The encouraging thing about the message is that – while it is more than a little creepy and annoying – it doesn’t actually threaten people’s safety. The only instruction is to “check your account” and forward on a message, which are not likely to endanger the people doing it.
This Is A Real Problem
Facebook account cloning is a very real problem: as with other social networks, people regularly steal pictures and then create such false accounts. An easy way to check is to stay alert for genuine messages from friends as well as searching your own name to look for other versions of your account, and then reporting any of those problem profiles to Facebook.
Attribution – www.independent.co.uk
Image courtesy of: transCam
You have a website for a reason – visitors on your product or service means that you may have more customers. But do you know what your conversion rate is? This article from our friends at Nelio takes you through what your website does for you and what conversion numbers on your site really mean:
1996 was a great year. I was 10 years old and the Internet finally arrived to my home. I don’t remember much other that we used Altavista to search for content on the web; there was no streaming content, no YouTube or anything like that; we shared content and music through eMule and Napster; all website were portals with tons of animated GIFs and useless crap…
Oh! And let’s not forget about all those “under construction” sites and signs:
But if there’s one thing I do remember clearly from that time, it was THE ADVICE that all businesses were told: “Build a website, man. You gotta be on the Internet, cuz that’s the future! That’s how you’ll get more customers and money!” And that was it—just being on the Internet meant you’d be able to become rich, right?
More than 20 years later, the Internet has changed radically and so has our understanding of its potential and usefulness. Today we have social media (with their advantages and disadvantages) that allow us to be connected with our friends and family, as well as to follow closely the brands or celebrities that we like the most. We have platforms like WordPress to create websites with dynamic content easily or WooCommerce to create online stores. And, above all, we have learned a lot about online marketing and content marketing: how to reach larger audiences and how to get more followers, more customers, more revenue.
And that’s precisely what I want to talk to you about: how to improve your website by focusing on its conversion rate and the important role this metric plays in your business. So, without further ado, let’s learn what it is, why it’s so important, how to interpret it, and how to improve it!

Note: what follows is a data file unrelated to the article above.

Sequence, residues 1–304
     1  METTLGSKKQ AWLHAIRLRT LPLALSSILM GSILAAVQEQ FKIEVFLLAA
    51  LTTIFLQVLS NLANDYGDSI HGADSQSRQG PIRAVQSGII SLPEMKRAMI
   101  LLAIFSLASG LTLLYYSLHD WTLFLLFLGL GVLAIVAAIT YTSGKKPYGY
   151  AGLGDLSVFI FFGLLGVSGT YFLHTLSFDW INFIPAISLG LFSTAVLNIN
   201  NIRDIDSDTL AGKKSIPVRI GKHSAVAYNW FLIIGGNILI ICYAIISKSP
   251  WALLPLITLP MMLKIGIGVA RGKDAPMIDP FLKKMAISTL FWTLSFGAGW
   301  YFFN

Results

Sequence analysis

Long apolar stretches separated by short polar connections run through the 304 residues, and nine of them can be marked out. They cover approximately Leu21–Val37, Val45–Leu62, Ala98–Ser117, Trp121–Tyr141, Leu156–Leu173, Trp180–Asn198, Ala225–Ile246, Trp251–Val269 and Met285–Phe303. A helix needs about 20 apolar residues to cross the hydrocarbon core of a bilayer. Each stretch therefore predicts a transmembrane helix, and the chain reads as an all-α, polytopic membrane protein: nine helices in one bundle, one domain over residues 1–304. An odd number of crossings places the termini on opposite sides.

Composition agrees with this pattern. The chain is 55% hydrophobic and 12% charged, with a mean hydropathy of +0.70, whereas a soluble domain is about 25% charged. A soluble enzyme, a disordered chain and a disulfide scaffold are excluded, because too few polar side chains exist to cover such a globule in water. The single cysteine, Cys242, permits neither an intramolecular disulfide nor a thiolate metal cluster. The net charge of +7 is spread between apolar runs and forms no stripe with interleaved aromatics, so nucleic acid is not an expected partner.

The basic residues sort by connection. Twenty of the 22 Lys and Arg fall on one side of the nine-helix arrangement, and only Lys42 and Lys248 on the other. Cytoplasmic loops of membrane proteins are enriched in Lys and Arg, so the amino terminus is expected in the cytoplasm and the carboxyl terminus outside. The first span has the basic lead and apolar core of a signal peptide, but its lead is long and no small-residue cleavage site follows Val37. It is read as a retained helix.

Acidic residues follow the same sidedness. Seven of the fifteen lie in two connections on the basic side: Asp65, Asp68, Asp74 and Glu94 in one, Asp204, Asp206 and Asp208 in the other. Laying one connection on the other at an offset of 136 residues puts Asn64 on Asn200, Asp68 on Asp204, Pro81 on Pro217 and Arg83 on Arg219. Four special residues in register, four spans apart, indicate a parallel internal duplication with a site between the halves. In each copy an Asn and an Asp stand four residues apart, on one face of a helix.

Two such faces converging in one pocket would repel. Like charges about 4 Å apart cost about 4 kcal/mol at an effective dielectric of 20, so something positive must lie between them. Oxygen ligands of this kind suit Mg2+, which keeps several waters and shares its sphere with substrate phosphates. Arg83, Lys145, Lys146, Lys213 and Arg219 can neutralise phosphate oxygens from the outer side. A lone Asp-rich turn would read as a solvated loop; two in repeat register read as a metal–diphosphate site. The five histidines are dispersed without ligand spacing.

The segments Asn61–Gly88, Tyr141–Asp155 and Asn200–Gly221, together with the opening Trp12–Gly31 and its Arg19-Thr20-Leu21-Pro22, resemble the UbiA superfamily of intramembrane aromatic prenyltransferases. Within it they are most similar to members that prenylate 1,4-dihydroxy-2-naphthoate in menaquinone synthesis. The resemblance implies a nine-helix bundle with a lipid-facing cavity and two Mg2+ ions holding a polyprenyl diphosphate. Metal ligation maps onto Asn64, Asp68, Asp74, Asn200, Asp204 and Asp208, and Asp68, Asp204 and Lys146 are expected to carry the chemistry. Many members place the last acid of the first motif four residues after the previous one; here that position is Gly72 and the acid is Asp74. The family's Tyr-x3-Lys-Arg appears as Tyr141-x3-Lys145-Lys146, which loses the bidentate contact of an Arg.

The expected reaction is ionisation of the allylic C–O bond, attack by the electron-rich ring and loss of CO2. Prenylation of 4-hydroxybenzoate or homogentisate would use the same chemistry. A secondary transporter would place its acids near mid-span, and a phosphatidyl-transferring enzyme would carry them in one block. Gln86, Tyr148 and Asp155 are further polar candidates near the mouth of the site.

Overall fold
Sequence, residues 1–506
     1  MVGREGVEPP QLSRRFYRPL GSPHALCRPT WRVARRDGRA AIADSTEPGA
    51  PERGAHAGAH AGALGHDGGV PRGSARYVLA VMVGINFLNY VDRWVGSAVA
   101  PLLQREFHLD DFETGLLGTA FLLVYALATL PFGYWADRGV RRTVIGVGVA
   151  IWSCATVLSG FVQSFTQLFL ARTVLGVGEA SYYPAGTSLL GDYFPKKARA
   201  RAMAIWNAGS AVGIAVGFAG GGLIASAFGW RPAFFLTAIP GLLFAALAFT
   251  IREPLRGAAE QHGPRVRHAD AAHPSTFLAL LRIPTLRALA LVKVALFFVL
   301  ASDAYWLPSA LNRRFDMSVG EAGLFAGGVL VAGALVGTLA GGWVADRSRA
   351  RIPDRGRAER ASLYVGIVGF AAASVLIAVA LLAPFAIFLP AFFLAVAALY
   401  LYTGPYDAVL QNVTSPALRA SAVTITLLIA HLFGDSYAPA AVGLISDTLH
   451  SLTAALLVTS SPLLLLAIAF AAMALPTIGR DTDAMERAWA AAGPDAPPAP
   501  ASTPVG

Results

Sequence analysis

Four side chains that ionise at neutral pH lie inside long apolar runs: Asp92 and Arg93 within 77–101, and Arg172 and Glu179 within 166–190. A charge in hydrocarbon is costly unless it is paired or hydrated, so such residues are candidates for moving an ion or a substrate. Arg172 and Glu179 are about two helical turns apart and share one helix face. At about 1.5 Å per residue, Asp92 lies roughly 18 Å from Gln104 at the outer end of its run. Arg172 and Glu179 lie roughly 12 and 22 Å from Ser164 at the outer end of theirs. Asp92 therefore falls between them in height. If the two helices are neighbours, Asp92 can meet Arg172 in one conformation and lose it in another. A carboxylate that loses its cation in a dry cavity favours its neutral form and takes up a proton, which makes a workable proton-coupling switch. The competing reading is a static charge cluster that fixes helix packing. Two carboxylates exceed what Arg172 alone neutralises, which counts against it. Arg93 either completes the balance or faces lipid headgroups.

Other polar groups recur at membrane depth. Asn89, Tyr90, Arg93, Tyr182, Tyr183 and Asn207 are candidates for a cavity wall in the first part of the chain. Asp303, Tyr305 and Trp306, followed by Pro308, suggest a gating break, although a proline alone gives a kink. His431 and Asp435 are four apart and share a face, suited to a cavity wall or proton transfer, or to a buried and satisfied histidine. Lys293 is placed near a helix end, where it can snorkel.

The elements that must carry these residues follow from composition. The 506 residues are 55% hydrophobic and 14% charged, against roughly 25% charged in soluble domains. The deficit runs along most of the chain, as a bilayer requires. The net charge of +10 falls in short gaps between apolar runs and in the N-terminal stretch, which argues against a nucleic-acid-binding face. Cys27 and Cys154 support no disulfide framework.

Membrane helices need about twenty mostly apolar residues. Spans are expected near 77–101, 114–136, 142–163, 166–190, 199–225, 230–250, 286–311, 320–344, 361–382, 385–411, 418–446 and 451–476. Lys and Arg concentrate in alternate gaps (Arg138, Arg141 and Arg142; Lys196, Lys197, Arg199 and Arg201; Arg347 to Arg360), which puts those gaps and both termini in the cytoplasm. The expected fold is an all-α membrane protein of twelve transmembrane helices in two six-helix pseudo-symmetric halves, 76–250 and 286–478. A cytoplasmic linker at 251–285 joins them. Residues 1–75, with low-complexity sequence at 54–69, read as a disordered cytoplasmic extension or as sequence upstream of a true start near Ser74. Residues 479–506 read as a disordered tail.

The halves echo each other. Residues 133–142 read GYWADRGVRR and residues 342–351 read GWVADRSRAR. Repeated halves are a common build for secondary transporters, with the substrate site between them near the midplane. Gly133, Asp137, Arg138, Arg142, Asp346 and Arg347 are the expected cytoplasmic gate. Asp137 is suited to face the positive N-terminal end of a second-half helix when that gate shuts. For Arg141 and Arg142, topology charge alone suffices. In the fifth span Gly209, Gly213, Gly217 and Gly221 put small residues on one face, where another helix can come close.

What’s the Conversion Rate?
Most websites have one clear purpose or goal, one reason for being. For example, our website, neliosoftware.com, has the ultimate goal of getting you to subscribe to one of our services. But it also has some secondary goals such as, I don’t know, that you subscribe to the newsletter, follow us on social media, or start a trial period of a service.
So, now that we know that a website has “a goal”, it’s time to define two basic concepts:
Visitors. They are all those people who, over a certain period of time, access our website, browse it, and consume its content.
Conversions. When a visitor fulfills our website’s goal, then a conversion appears. For example, when a visitor goes to the Nelio Content pricing page and subscribes, we just got a new conversion.
From these two concepts we can easily define a website’s conversion rate. As it name states, it’s the ratio between the number of conversions we have on the website and its total number of visitors. For example, if our website has 850 visitors and there have been 20 conversions, the conversion rate is 20 / 850 = 2.35%. This means that for every 100 visitors that come to this website, we can assume that there will be between 2 and 3 conversions.
Why Does Conversion Rate Matter?
The answer is quite obvious: the conversion rate is important because it’s a metric that tells us how good our website is when it comes to helping us achieve our business goals. It’s that simple. If we created our web to get more customers and its conversion rate is 0%, well… there’s clearly something going wrong. Tremendously wrong. By contrast, if everyone who comes to our web purchases something, we’ll have a conversion rate of 100% and that’s just awesome!
Unfortunately, extreme conversion rates are unusual—you won’t see a website with a 0% or 100% conversion rate often. And this begs the following question: if I tell you that our website has a conversion rate of, I don’t know, 2.5%, is it good or bad? We need something more…
For the conversion rate to be really useful and help us to identify the quality of our website with respect to a certain objective we need to study it from one of the following perspectives: